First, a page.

Tooth grinding is very common in people. In fact, nighttime grinding of teeth has spawned an entire cottage industry for “night guards,” prevent people from damaging their teeth as they grind away while they’re sawing logs.
It turns out that humans aren’t the only species subject to tooth grinding. Cats, too, often grind their teeth.
Unlike people, cats generally grind their teeth when they are awake, and it generally seems to be a conscious process. Why does it happen?
Clients bring cats to me with complaints of tooth grinding not infrequently. When I was in general practice, many of the clients brought the issue to my attention only because the noises produced during grinding were annoying. Now, at the emergency hospital where I work, people generally bring their tooth grinding cats to me out of concern that a medical problem may be causing the phenomenon.
Like everything in medicine, tooth grinding has a fancy name: bruxism. Bruxism has many possible causes.
Several weeks ago a client brought a cat to me for evaluation of bruxism. The cat had been grinding his teeth during and after meals for a month. On the day in question, however, the cat had been grinding nearly continuously. Indeed, in the exam room the cat made frequent — nearly continuous — loud grinding noises.
This background is not uncommon. Tooth grinding often starts off being triggered by meals or grooming or other activities that stimulate the mouth. The phenomenon then may progress to more frequent episodes.
He was a nice cat, and he readily allowed me to perform an oral exam. The cat had significant dental disease. He also had a number of FORLs (short for feline odontoclastic resorptive lesions). FORLs manifest as visible enamel lesions in teeth. By the time enamel lesions are visible, the affected teeth will have very significant pathology. FORLs are extremely painful.
I strongly believed that the cat’s dental problems were the cause of his bruxism. This is not a surprise — it turns out that dental problems are a leading cause of tooth grinding in cats. I recommended comprehensive dental work, to be performed at the family veterinarian’s facility (emergency clinics generally have limited dental procedure capabilities). I prescribed pain killers and antibiotics in the meanwhile.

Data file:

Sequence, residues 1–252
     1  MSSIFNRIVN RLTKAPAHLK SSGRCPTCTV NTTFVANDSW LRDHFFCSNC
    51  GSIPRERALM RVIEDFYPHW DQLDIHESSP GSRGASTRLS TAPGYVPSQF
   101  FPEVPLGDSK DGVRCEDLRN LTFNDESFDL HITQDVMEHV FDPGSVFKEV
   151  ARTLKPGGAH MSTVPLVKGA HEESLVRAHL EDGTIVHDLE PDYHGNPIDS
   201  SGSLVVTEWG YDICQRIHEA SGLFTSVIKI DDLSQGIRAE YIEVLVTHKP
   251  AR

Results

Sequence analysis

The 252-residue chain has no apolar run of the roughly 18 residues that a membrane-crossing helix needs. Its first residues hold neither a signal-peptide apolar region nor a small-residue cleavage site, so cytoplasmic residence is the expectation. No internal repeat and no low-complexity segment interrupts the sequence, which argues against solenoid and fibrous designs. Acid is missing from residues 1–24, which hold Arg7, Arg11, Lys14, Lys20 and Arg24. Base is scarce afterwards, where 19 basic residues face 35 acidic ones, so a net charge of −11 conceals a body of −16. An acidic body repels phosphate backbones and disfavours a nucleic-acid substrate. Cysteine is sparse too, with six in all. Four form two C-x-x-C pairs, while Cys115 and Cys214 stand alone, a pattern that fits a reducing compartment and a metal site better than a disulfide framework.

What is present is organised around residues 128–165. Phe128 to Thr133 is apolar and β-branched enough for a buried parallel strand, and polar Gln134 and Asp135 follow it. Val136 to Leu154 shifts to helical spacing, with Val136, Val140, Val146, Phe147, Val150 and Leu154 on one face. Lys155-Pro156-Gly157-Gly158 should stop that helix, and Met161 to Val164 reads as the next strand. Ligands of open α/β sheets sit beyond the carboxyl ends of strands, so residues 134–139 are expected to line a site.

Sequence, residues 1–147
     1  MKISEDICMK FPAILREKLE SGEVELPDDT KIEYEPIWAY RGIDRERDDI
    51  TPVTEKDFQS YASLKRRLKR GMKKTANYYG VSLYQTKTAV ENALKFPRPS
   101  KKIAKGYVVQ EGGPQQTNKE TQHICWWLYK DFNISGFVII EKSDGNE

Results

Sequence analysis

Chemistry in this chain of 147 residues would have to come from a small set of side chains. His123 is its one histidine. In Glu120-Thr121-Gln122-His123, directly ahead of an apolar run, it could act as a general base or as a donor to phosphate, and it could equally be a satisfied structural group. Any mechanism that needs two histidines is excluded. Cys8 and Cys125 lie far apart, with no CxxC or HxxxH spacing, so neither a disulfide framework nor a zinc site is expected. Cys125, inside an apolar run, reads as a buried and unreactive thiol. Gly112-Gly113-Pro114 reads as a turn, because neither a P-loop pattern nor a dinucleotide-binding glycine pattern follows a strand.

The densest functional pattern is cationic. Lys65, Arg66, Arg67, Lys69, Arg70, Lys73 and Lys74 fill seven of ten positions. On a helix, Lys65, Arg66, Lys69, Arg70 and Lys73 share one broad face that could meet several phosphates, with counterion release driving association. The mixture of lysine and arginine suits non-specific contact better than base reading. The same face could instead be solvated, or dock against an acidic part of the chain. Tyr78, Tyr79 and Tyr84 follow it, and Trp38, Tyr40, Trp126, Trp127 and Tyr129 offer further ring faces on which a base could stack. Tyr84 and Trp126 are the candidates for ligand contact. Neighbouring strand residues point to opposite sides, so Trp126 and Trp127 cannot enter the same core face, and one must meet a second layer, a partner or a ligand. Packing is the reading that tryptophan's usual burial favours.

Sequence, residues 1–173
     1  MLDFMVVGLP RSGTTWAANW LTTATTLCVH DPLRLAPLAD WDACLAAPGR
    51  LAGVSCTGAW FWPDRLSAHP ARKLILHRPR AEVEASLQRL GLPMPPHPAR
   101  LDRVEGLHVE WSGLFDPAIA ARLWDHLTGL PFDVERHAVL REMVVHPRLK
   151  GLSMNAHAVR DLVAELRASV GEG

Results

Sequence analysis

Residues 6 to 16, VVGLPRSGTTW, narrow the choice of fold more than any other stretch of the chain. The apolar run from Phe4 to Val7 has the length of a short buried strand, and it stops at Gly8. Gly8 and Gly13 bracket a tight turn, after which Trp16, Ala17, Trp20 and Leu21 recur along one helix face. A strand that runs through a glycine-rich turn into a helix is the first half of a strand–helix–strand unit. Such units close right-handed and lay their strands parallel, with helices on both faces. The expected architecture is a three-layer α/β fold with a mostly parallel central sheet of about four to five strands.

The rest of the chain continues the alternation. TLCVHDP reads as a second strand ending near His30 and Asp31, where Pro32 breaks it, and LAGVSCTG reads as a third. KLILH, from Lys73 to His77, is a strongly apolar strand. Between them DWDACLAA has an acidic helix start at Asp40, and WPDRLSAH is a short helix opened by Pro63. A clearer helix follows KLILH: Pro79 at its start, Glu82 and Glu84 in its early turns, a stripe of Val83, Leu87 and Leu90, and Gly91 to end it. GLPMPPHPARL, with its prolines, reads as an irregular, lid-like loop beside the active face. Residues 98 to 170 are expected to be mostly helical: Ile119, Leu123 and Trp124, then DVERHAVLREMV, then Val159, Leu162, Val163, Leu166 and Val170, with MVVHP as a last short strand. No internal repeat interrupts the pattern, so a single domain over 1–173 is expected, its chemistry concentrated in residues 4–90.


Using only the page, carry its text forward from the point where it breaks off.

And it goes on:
FORLs often cause tooth grinding. Old fashioned dental disease, which occurs as the teeth and their roots become infected by oral bacteria, is an even more common cause of bruxism. Other dental problems, such as fractured (chipped) teeth, malocclusion of teeth, oral tumors, oral trauma, and foreign material lodged in the oral cavity also can cause cats to grind.
Although it doesn’t exactly count as an oral structure, the temporomandibular joint (TMJ) — or rather problems with the TMJ — also may cause tooth grinding. The TMJ is where the jaw attaches to the skull. Problems with the TMJ are much less common in cats than in humans (in our species, TMJ problems are epidemic), but they still happen and they definitely can cause bruxism.
Oral and TMJ problems are not the only potential causes of feline tooth grinding. Dentists have found a link between stress and nighttime human tooth grinding. Although cats generally grind when they’re awake, it turns out that stress also may cause them to engage in bruxism. Cats who live with unfriendly feline housemates or who experience other stresses may grind their teeth as a result.
Bruxism may be a sign of pain in cats. Interestingly, many experts have noticed a link between abdominal pain and feline tooth grinding. Stories abound of cats with bruxism ultimately being diagnosed with masses in their abdomens associated with their livers or intestines.
Nausea also commonly causes bruxism. Common causes of frequent nausea in cats (which might lead to frequent bruxism) include inflammatory bowel disease and intestinal lymphoma (especially in older cats). Pancreatitis is a complicated condition that may cause both nausea and abdominal pain, so it may cause bruxism in more ways than one.
Neurological disorders may cause bruxism. Some cats experience focal, petit mal facial seizures that manifest as tooth grinding. Other brain lesions, including inflammatory brain diseases and ever-dreaded brain tumors, also may cause the phenomenon.
Although many owners seek treatment for bruxism because they are annoyed by the sounds created during the phenomenon, be aware that many cases of tooth grinding are linked to medical problems. Some of the medical problems that cause bruxism are serious or even life threatening, and most of them are painful at the very least.
I do not recommend ignoring tooth grinding in cats. Instead, cats that grind their teeth should be evaluated by a veterinarian.
Other stories by Dr. Eric Barchas:
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